Growing up in Brisbane in Australia's deep north in the early Seventies,for anyone with anything more than a passing interest in rock'n'roll,was pretty dull.Even if there had been a local scene "a pub circuit" like there was in Sydney and Melbourne - and there wasn't -
It only would have been full of glittery heavy metal,hippy art rock and wimpy soft rock.
Rock'n'roll was at a low ebb.
It was in this climate that the band were inculcated,a band at odds with everything around them - prophets of punk who rejected even that tag,and then went on - and Still go on -in a career that's only ever seen the name " THE SAINTS " associated with wilful individualism.
I'm Stranded fell largely on deaf ears in Australia. but in England particularly it was canonized, as perfect, prototypical punk. This is at a time, after all, near the end of 1976 ' when the Ramone's first album was still fairly new, and neither the Sex Pistols nor the Clash, or Australia's Radio Birdman, were yet to make it onto vinyl.It was a mixed blessing for The Saints, because although it was the reason why they were signed-up by EMI in London.It was also because they refused to conform to punk's narrow precepts that they eventually got squeezed out.
The triumvirate Of Bailey,Kuepper and Hay split-up in England at the end of 1978 after The band had made their third album for EMI, Prehistoric Sounds. After that, THE SAINTS became more of a shifting aggregation serving as a vehicle for Bailey alone.....
Balley's since steered The Saints through innumerable line-up's and through thick and thin. Although (as yet"1984") the band is still yet to make a breakthrough into the mainstream proper - i.e., have a real international hit record - it survives thanks to Bailey's commitment and the dedicated support of fans all over the world.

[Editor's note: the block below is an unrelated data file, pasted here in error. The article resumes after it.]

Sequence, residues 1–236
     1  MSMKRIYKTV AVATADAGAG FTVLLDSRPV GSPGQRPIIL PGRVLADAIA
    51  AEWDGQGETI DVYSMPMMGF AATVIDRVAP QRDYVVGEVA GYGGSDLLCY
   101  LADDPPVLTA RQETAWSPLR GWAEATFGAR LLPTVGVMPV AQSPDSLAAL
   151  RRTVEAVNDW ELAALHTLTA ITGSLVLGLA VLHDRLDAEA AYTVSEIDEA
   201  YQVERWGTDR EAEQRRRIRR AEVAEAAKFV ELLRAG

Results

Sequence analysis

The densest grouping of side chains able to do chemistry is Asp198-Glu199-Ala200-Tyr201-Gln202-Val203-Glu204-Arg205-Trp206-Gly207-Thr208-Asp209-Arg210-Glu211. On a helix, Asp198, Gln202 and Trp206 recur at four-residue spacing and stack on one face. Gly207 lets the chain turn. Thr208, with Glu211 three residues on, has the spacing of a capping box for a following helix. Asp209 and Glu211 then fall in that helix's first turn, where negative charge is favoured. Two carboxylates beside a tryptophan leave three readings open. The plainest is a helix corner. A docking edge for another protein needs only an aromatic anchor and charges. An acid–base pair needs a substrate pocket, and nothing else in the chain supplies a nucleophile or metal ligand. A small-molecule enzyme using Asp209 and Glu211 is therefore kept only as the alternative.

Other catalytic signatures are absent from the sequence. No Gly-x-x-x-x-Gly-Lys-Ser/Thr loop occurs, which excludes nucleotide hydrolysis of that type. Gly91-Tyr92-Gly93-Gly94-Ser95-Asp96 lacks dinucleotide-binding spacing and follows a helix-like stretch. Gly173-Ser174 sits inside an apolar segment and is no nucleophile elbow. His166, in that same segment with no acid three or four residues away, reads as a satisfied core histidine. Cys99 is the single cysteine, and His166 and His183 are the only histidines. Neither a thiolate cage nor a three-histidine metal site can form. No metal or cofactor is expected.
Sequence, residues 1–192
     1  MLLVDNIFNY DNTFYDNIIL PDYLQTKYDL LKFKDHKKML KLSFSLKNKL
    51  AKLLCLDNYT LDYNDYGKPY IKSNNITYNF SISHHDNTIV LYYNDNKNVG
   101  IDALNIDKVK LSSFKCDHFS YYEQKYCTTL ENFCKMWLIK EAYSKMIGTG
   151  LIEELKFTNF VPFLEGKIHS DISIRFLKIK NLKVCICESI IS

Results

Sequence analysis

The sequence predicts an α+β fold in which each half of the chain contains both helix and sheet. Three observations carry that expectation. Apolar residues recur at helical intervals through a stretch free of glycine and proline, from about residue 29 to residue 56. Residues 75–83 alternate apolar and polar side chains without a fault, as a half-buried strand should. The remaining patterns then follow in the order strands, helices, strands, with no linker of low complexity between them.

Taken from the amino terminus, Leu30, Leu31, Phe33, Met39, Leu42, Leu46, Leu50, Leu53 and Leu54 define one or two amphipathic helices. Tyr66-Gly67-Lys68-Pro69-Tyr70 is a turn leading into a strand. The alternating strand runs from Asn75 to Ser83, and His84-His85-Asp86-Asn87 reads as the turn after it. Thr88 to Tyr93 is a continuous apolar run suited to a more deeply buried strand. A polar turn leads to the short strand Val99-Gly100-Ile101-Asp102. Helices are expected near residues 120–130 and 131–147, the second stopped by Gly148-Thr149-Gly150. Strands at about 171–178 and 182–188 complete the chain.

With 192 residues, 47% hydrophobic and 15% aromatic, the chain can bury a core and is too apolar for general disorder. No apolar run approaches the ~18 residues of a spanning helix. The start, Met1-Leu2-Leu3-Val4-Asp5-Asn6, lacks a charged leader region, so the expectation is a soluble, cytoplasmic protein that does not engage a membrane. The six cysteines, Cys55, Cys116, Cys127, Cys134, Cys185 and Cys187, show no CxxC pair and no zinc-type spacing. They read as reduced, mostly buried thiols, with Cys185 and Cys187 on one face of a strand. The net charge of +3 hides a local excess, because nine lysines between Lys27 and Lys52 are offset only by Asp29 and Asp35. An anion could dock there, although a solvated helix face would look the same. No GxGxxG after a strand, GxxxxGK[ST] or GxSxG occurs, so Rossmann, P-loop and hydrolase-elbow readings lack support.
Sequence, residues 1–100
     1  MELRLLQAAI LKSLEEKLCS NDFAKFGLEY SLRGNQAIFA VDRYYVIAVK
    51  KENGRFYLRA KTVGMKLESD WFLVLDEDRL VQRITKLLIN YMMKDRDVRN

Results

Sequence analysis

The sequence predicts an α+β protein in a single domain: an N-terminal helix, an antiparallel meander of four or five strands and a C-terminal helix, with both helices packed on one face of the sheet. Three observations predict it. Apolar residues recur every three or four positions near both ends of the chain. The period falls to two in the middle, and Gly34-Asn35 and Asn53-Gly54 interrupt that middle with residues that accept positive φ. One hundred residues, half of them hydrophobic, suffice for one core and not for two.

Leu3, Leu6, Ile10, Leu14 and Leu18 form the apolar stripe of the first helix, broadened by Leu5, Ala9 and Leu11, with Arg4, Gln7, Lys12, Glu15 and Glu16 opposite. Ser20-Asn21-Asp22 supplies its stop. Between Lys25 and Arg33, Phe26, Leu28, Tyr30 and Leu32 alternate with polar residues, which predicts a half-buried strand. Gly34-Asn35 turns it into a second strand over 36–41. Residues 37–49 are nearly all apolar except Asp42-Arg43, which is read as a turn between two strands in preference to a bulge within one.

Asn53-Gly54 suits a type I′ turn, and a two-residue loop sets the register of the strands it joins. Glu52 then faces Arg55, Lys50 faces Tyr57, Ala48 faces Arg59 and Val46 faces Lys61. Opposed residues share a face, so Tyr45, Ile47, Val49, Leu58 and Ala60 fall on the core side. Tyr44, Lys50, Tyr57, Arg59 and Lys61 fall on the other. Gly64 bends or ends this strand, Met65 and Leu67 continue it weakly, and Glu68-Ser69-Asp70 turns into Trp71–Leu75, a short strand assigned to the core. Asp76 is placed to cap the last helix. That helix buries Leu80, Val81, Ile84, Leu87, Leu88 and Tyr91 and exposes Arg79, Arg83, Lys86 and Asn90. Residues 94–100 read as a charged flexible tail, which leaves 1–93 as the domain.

More recently also revealing roots in Celtic folk, Bailey has honed the Saints'sound, on record. to one that's at best Shimmering and soulful and still rock-solid. But if the Saints as a performing entity can be shambolic as much as anything, that too is part of their charm. Chris Bailey retains a healthy irreverance for convention, and the trappings of showbusiness success.
This album brings together some of the rare and unreleased material from The Saints recording career up until 1984, thus covering the band's original incarnation, and then the first phase under Chris Bailey's tutelage.
Chris Bailey can be dismissive of his earlier achievements. But if that's so, it's the reason why THE SAINTS were great back then -because they were looking forwards not backwards - and also the reason why they're still great today,still making vital music.Chris Bailey doesn't dwell on his past,or trade on it, because he doesen't need to; he's got new songs, a new band.
Long may THE SAINTS march on.